Mass File Manipulation in SharePoint 2010
Written By: Knox Cameron -- 3/16/2011 --
(247) comments --
Categories: Document Management, Features, SharePoint 2010, SharePoint Foundation 2010
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SharePoint gives you a friendly, easy-to-use, web interface for uploading
files, editing their properties and content, and so on. However, sometimes you
need to perform "bulk" operations like moving a group of files to a different
folder or library, or a mass rename or selective delete. SharePoint does provide the
"manage content and structure" interface, but this can be slow and somewhat
unreliable, and is not available in a SharePoint Foundation / WSS-only
SharePoint provides a way to access the content of folders and document
libraries in a site as if they were stored on the disk of your computer. You
have probably used the simplest form of this, "explorer view" in a document
library, to manipulate files using Windows Explorer. But did you know that you
can also access files using the command line, and even write batch files, to
perform operations that would be time consuming or even impossible in the web
This tip will look at how to set this access up, including some of the common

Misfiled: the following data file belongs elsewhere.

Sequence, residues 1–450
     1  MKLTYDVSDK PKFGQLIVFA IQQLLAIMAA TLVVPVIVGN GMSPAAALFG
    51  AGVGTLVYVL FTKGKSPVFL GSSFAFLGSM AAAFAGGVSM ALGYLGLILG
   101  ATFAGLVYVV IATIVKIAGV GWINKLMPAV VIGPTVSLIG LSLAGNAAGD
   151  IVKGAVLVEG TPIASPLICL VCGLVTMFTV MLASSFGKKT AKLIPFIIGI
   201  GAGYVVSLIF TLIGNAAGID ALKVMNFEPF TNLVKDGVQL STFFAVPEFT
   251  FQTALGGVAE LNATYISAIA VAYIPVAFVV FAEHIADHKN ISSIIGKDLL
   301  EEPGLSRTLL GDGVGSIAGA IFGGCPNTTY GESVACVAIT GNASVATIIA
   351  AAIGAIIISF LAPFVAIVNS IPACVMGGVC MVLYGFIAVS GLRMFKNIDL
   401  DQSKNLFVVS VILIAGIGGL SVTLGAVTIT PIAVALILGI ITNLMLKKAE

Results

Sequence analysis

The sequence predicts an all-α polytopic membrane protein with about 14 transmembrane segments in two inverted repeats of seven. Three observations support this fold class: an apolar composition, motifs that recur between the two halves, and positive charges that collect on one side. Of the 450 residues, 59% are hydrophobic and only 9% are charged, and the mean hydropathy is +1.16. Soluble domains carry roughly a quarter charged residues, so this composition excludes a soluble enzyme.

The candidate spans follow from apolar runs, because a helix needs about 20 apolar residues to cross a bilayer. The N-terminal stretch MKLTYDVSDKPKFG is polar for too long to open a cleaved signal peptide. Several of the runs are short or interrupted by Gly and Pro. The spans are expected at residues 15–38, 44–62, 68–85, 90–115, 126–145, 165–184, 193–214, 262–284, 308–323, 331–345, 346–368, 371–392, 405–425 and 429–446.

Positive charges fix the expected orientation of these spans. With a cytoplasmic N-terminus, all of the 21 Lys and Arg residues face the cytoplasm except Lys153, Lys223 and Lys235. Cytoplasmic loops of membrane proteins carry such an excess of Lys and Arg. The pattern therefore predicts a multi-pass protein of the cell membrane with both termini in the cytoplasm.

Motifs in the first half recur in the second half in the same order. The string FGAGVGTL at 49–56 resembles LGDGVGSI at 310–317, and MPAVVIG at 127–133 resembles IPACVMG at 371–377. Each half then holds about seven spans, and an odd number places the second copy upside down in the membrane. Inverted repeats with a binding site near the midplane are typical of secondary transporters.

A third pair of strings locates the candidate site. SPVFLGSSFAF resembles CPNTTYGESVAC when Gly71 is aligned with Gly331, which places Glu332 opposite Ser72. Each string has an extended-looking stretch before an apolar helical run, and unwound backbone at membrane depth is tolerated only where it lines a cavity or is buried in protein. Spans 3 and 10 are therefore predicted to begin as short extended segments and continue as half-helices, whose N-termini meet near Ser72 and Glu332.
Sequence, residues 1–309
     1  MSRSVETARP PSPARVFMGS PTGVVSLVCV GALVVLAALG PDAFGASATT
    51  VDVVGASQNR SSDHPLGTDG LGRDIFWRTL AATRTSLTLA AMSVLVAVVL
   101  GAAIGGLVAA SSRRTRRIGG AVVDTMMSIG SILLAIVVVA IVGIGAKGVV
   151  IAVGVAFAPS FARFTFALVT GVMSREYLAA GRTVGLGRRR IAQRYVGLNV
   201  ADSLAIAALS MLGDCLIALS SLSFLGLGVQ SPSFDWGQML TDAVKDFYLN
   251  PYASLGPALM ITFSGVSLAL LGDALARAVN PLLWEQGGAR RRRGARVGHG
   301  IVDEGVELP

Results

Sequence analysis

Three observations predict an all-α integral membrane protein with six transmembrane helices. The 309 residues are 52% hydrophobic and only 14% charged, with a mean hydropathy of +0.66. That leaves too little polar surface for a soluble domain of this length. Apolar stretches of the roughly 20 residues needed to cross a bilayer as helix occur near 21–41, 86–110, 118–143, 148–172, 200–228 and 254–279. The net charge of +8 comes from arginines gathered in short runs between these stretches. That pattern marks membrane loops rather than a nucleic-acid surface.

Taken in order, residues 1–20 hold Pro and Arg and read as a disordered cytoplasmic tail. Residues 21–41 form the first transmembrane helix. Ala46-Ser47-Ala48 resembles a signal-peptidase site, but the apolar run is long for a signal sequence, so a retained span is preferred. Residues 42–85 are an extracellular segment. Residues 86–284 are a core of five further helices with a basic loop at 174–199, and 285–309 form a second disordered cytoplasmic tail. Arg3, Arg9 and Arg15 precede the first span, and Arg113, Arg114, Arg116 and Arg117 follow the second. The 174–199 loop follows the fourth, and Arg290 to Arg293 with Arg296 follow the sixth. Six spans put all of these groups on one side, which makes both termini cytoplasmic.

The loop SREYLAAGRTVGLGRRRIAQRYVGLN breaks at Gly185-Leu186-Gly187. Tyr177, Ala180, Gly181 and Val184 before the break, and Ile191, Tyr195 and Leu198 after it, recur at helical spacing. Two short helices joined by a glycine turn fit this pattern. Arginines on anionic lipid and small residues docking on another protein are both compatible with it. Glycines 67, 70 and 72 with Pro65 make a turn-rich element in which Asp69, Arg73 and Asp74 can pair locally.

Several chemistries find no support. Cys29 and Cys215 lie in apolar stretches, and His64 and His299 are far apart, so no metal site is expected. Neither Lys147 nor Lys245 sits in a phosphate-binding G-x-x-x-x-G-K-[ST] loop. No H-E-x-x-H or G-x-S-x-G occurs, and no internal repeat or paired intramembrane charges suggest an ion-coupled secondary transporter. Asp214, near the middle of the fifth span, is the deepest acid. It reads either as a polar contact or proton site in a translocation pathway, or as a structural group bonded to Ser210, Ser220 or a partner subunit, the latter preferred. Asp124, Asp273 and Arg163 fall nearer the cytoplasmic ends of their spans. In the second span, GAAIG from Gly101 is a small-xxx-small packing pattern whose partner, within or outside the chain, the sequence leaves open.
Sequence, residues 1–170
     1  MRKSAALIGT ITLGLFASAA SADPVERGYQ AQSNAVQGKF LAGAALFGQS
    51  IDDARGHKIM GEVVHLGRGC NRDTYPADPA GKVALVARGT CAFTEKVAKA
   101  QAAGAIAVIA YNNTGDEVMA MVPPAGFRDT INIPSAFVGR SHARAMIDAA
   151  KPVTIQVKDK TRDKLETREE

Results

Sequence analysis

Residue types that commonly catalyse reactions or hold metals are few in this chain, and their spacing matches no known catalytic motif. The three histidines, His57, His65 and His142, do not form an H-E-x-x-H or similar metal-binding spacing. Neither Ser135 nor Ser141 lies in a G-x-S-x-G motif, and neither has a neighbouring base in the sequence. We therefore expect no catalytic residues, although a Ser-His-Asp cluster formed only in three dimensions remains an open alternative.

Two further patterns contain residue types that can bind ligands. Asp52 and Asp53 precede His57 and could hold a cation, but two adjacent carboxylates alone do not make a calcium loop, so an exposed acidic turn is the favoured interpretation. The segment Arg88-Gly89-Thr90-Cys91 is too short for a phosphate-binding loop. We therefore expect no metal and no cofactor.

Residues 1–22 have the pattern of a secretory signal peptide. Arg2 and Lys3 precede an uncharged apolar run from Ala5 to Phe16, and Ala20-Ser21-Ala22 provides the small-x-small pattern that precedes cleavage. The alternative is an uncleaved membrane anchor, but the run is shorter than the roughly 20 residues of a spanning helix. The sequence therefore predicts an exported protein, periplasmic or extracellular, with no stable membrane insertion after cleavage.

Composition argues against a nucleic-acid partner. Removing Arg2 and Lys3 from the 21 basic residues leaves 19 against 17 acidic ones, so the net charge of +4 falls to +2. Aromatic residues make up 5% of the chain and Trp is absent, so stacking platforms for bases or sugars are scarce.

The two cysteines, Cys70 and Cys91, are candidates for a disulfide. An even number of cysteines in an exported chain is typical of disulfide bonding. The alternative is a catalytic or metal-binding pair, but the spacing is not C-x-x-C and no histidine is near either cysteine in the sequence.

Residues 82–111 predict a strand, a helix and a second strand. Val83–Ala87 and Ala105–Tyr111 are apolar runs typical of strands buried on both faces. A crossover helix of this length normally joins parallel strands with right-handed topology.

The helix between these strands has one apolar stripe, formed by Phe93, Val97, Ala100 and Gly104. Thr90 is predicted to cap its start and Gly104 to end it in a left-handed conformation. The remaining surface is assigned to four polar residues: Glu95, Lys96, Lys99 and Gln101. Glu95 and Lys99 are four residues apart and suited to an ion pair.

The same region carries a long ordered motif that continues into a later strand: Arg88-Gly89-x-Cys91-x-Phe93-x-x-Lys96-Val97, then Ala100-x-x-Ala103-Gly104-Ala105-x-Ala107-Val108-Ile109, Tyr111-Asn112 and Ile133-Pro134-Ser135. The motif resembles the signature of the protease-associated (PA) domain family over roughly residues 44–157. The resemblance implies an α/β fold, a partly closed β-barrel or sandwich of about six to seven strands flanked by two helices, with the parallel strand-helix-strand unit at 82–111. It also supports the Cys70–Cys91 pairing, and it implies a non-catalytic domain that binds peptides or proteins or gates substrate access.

issues that can stop it working. It will also provide some examples of how you
can use this capability to save time.
The starting point: Explorer view
In SharePoint 2007, if you browse to a document library, Explorer View will
normally be available from the Views drop-down at the top right.
SharePoint will attempt to open the Explorer View within the browser window,
in the same space as the normal documents view.
However, this is not possible in
Windows Vista or 7 when protected mode is enabled. In that case you will see
this message in the browser (note "Protected Mode: On" in the status bar):
You may then see a security warning:
If you click Allow, you will (finally) see a Windows Explorer open showing
the document library:
In SharePoint 2010, the views drop-down does not include an Explorer View
The option is still there but you have to dig further to find it:
- Select the Library tab on the ribbon
- Find the Open with Explorer button in the Connect & Export button group,
circled in the screenshot below
Depending on your setup, you may be prompted to login again, as you are now
different program on your computer to access SharePoint. You will
then see a Windows Explorer window showing the documents and folders in the